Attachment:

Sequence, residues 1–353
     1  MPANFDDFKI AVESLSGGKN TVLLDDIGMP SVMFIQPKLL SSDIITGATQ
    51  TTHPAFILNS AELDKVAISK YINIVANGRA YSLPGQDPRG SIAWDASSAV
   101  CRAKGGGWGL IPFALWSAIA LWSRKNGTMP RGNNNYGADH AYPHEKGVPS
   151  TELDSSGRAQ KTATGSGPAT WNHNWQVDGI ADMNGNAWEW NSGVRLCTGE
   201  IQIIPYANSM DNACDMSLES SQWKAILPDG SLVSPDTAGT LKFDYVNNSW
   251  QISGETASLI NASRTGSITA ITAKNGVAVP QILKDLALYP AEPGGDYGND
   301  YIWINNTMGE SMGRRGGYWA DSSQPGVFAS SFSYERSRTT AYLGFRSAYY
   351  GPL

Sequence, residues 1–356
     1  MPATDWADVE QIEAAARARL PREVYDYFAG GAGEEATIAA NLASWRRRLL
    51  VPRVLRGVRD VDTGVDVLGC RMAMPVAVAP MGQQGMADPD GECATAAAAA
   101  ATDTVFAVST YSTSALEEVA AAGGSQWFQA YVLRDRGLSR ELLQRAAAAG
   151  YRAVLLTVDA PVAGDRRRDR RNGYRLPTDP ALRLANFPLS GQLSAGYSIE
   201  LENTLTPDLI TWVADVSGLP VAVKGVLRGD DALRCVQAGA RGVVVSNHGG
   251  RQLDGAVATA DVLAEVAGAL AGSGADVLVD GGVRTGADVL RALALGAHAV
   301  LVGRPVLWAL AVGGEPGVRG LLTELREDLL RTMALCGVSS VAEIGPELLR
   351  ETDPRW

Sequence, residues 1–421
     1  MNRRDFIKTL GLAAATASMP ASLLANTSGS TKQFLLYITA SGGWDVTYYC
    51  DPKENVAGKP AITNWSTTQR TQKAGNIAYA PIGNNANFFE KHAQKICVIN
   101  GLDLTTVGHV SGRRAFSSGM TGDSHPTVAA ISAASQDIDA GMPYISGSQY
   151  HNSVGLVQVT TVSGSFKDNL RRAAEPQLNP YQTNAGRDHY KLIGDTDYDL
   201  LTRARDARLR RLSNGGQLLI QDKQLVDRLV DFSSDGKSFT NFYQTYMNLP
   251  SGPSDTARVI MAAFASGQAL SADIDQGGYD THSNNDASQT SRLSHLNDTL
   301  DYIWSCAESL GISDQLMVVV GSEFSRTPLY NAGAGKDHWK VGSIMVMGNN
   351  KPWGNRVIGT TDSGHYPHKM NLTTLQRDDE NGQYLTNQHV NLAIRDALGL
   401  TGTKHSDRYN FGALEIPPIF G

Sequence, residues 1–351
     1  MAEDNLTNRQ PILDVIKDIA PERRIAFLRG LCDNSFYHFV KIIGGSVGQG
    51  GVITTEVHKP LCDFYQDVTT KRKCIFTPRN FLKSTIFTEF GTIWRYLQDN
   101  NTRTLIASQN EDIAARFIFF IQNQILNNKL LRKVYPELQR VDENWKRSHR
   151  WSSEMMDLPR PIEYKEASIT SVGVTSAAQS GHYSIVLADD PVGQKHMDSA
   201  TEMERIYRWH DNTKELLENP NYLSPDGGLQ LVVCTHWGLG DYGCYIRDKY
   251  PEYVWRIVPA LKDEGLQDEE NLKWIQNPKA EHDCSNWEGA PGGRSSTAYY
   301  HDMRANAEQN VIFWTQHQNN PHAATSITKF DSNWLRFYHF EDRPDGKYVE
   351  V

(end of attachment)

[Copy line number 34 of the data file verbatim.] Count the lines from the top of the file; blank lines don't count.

   201  TEMERIYRWH DNTKELLENP NYLSPDGGLQ LVVCTHWGLG DYGCYIRDKY